Goran Miloradovic further pursued the training with activities aimed at producing model lessons around the topic of children’s life during the war. Using historical texts and pictures, the teachers developed model lessons based on a multi-perspective analysis of historical sources, keeping in mind the main goal of the JHP training: making history teaching more than a simple matter of memorising dates and facts, by encouraging the students to participate actively in class and to discuss and argue their views, so as to help them understand that, regardless of what their own opinions and beliefs are, history is made of a multiplicity of perspectives and interpretations.
During this first regional workshop, the diversity of the participants’ ethnic, geographical and religious backgrounds represented a new and challenging feature, which was, however, successfully handled by both the trainers and the participating teachers. Even during discussions about highly sensitive topics, such as the interpretation of the devshirme system, teachers and trainers remained focused on the training’s methodological issues, putting their respective points of view aside, thus allowing for a very fruitful discussion about the use of the JHP workbooks in class.
This first regional workshop also proved that people-to-people contact and cooperation work and help people from very different backgrounds get along with each other. Seeing past their differences, the participating teachers exchanged experiences about common difficulties in class, gave advice to one another about teaching strategies, enjoyed the same very friendly atmosphere, and shared the same pride of having been part of this first JHP regional workshop together.
01 March 2011: CDRSEE attends Conference "Shared Social Responsibility" in Brussels
The conference, organised jointly by the European Commission and the Council of Europe in Brussels on 01 March 2011, revolved around discussing the need of shared social responsibility in the current context of multiple transitions and related subjects. The event counted amongst its participants speakers from the fields of European Politics, science and civil society, and meant to confirm social cohesion as an objective for Europe.
18-20 February 2011: History Teacher Training in Zlatibor
The Joint History Project (JHP) seminar series of 2011 started in Western Serbia with a workshop in Uzice (Zlatibor). 28 teachers from Uzice and 11 surrounding municipalities gathered to discuss attitudes towards history teaching and current methodology. During the workshop the last copies of the 2nd edition (2010) of the JHP workbooks were distributed which closes the rapid dissemination of 1500 copies within 7 months. More copies will be produced in 2011 as a response to the accelerating demand in Serbian schools.
In Zlatibor amongst other discussions participants also argued about the readiness of each of the participating countries to address and face the past from a multi-perspective way, and to which extend responsibility for crimes is admitted in public. The seminar thus reconfirmed the lack of trust that is still prevailing and at the same time validated the need for more regional teacher training activities were cross border exchange of perspectives and views takes place not only theoretical, but also on a people to people basis.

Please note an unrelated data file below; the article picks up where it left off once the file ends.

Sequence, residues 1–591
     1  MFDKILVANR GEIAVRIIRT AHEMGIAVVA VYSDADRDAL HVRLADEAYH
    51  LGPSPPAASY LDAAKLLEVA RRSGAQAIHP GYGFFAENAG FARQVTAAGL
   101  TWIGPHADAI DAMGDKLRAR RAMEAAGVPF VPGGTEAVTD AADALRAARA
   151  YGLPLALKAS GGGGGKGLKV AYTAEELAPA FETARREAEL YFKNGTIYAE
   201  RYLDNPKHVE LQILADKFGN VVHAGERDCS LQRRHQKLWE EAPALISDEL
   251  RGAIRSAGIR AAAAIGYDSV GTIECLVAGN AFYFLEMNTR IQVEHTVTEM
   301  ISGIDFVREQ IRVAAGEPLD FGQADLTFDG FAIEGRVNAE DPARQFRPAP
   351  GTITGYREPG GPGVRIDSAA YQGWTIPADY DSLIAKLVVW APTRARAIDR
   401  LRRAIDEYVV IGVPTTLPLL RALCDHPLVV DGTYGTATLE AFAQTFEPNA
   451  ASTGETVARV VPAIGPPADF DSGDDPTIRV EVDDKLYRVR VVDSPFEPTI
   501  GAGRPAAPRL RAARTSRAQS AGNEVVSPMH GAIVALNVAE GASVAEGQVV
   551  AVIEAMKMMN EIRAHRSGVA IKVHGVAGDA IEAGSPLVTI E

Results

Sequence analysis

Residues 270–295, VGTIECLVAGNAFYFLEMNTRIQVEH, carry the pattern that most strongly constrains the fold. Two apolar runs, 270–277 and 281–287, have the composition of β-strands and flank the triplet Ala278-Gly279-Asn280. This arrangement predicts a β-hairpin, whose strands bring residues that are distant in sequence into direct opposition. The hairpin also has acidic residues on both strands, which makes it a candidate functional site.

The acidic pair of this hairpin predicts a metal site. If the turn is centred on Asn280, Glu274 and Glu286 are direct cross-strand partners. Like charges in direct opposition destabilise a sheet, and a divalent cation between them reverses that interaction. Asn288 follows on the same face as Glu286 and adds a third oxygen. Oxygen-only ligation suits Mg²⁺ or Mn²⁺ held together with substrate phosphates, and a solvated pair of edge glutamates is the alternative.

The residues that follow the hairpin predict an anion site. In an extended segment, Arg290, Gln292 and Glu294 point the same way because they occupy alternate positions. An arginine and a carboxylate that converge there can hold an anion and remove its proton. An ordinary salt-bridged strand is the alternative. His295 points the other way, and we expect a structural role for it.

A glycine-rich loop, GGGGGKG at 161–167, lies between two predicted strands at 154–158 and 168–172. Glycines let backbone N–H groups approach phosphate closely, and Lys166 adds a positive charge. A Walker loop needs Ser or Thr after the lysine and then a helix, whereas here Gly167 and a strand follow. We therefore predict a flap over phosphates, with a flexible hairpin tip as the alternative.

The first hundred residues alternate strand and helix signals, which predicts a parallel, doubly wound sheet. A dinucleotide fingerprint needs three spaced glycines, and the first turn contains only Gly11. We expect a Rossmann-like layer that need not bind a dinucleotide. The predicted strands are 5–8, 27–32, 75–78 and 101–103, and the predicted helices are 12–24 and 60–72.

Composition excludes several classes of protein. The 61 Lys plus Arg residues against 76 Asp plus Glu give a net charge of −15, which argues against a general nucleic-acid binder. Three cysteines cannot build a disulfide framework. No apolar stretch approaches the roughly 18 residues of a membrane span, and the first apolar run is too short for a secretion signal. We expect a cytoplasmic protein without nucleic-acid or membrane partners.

The workshop was headed by the historian and president of the Association for Social History Dr. Goran Miloradovic and the sessions are moderated by history teachers for their peers. The teachers, who acted as trainers beforehand received an intensive training by the CDRSEE in modern methodologies and use of multi-perspective materials.
The seminars reinforce the aims of the project mainly by giving practical guidance for steering history teaching away from simply memorising dates and facts, but instead offering students the possibility to participate, research and argue their views. Original historical sources in the JHP work books serve as the basis for the methodology and they are structured around four prominent topics “Ottoman Empire, Nation and States, The Balkan Wars and World War II”; the sources provide first hand unbiased material for teachers to spark discussions and inspiration in class rooms. In the seminar, teachers team up in four groups and prepare a total of 16 model lessons which are then presented and discussed with all participants.
The CDRSEE in 2011In the year 2011 Active Citizenship is at the forefront in Europe, citizens driving social transformation and cohesion, strengthening our common European values and building a strong alliance to counteract the ongoing economic crisis and subsequent nationalistic trends. The CDRSEE contributes with a busy workplan for 2011 that puts a strong focus on working towards a better understanding of history and societal developments, and thus contributing to the current debate around diversity.
The solid results already achieved with the Joint History Project in Southeast Europe will be further strengthened, including training more teachers throughout the region, especially in rural areas; developing more multi-perspective history teaching materials; applying the project methodology to educational subjects other than history; and replicating the project in other regions of the world.